Sterling helped by tax cut U-turn but outlook remains challenging

Traders are betting it will take a bigger UK government policy U-turn to restore credibility with markets

Sterling rose on Monday after Britain reversed a plan to cut the highest rate of income tax.

The pound touched $1.128 after media reports of the U-turn, its highest level since September 22nd, the day before British finance minister Kwasi Kwarteng sent markets tumbling with a new “growth plan” to cut taxes and regulation, funded by vast government borrowing.

Having pared gains, sterling was later up 0.2 per cent at $1.1188.

“We get it, and we have listened,” Kwarteng said regarding the reversal of a plan to cut the 45 per cent tax band, one contentious part of the package of measures which drove sterling to an all-time low of $1.0327 and sent gilts spiralling, prompting the Bank of England to step in.


“Clearly sterling has performed better on the news, but there are still a lot of questions, ultimately the 45 pence tax rate was only a small part of the unfunded tax cuts announced,’ Jane Foley, head of FX strategy at Rabobank, said.

“The question remains is this enough? The answer will be clear in a few weeks’ time when the Bank of England measures end. UK assets, the pound and gilts are not out of the woods yet, and the British government has a lot to do to get back credibility.”

Traders are betting it will take a bigger UK government policy U-turn to restore credibility with markets. Wagers against the currency in the next year have climbed to a record high in the options market.

The problem for investors is that the rest of the recent mini-budget, including borrowing billions to fund energy price caps and other tax cuts, is still going ahead, hurting the country’s debt sustainability.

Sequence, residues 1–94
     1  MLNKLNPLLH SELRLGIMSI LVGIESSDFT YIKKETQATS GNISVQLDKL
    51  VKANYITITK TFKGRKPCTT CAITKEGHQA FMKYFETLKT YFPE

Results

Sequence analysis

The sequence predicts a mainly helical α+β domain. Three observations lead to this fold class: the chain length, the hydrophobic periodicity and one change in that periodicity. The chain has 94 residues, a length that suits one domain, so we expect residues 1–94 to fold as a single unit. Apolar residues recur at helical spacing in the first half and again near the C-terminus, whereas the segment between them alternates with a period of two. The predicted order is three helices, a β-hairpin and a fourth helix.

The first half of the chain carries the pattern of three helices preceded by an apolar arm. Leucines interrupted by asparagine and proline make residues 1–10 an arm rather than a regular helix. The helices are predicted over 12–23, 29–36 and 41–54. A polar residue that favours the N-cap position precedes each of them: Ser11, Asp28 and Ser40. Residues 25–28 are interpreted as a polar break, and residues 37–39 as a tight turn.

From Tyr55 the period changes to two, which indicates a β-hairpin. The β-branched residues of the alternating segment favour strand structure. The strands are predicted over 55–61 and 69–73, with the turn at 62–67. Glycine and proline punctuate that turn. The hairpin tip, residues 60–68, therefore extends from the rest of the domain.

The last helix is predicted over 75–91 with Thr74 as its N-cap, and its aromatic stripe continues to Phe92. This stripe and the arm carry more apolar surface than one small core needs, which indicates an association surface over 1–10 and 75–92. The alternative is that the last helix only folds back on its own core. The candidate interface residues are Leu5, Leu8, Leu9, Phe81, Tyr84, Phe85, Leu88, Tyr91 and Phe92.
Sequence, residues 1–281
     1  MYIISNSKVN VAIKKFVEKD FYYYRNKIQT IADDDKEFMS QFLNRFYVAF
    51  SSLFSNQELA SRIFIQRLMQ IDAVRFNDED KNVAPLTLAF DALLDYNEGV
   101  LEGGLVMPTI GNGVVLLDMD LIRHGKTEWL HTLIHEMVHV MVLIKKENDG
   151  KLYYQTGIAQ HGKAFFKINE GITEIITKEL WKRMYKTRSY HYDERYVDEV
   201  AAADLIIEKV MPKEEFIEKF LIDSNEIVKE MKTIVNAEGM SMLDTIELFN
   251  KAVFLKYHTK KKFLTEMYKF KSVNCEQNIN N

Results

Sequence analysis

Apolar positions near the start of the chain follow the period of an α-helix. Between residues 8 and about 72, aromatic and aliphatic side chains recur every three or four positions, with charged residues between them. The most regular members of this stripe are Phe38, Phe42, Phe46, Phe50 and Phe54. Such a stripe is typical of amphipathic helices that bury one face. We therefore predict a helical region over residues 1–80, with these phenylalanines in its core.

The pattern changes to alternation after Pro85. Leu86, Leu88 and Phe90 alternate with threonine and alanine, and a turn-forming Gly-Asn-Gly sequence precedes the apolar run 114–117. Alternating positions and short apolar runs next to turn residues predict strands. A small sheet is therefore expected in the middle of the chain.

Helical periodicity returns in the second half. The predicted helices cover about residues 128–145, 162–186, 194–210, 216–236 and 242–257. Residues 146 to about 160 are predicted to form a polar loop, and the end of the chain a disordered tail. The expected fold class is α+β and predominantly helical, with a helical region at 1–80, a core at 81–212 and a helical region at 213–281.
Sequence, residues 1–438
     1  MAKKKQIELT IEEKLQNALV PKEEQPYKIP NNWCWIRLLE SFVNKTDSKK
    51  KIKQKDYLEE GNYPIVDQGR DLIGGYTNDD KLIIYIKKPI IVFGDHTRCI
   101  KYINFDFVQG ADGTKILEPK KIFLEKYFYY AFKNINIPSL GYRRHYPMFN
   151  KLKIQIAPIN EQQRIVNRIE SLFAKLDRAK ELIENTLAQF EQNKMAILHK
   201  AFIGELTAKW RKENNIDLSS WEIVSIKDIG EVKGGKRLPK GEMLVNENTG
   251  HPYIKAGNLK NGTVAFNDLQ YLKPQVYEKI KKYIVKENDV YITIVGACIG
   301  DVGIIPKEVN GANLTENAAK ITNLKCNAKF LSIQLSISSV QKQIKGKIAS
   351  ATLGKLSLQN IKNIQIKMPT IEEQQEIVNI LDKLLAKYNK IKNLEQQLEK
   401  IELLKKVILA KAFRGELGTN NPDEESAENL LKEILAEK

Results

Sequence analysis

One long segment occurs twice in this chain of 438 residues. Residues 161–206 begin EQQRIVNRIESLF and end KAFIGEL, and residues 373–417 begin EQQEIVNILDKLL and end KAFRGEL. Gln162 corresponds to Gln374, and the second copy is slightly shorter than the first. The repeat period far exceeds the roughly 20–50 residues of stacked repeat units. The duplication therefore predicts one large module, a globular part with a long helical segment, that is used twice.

And while the U-turn may slightly improve that outlook, it also damages the credibility of a government facing a revolt in its own party and a collapse in support in voter polls.

“The U-turn represents a concerted effort to soften the narrative regarding the UK government’s economic agenda but little to change the direction, said Neil Mehta, a portfolio manager at BlueBay Asset Management. “This dynamic should support the pound in the short-term, but we think this will be short-lived, as confidence in the government is shot and policies come home to roost over a difficult winter for the UK economy.

The late September fiscal package sent the pound to a record low a week ago and led to the biggest-ever sell-off in long maturity bonds, forcing the Bank of England to intervene to stop forced selling by pension funds to cover margin calls. There’s still uncertainty over what will happen when the Bank of England halts its bond buying on October 14th.

Wall Street banks have already predicted the pound will hit parity with the dollar this year. In the options market, traders are the most negative on the currency against the greenback over the next three months since the 2016 Brexit vote, while one-year sentiment is worse.

“Until the market sees a clear strategy to fund the energy cap freeze and other measures, we do not expect the pressure on UK gilts and sterling to ease, nor the pressure on equities, which is coming from persistent recession fears,” said Susana Cruz, a strategist at Liberum Capital.

“The chancellor is yet to reveal a clear strategy to finance its growth package (or planned expense cuts) so for now, his intent to reduce debt as a percentage of GDP does not seem plausible.” — Reuters / Bloomberg